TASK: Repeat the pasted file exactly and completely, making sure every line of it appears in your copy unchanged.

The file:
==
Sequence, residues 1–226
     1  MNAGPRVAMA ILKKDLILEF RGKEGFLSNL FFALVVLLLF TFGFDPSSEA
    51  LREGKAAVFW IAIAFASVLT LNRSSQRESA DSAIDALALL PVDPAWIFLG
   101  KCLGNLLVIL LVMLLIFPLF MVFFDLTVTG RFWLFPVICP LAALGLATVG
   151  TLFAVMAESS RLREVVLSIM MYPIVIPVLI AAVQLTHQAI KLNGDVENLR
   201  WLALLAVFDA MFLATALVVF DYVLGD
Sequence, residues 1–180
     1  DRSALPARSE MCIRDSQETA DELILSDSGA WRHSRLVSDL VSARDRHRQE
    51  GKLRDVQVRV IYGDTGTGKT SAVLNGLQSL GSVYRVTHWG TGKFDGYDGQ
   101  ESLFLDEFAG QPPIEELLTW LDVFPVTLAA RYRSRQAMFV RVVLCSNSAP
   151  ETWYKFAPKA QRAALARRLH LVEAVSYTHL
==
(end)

Sequence, residues 1–226
     1  MNAGPRVAMA ILKKDLILEF RGKEGFLSNL FFALVVLLLF TFGFDPSSEA
    51  LREGKAAVFW IAIAFASVLT LNRSSQRESA DSAIDALALL PVDPAWIFLG
   101  KCLGNLLVIL LVMLLIFPLF MVFFDLTVTG RFWLFPVICP LAALGLATVG
   151  TLFAVMAESS RLREVVLSIM MYPIVIPVLI AAVQLTHQAI KLNGDVENLR
   201  WLALLAVFDA MFLATALVVF DYVLGD
Sequence, residues 1–180
     1  DRSALPARSE MCIRDSQETA DELILSDSGA WRHSRLVSDL VSARDRHRQE
    51  GKLRDVQVRV IYGDTGTGKT SAVLNGLQSL GSVYRVTHWG TGKFDGYDGQ
   101  ESLFLDEFAG QPPIEELLTW LDVFPVTLAA RYRSRQAMFV RVVLCSNSAP
   151  ETWYKFAPKA QRAALARRLH LVEAVSYTHL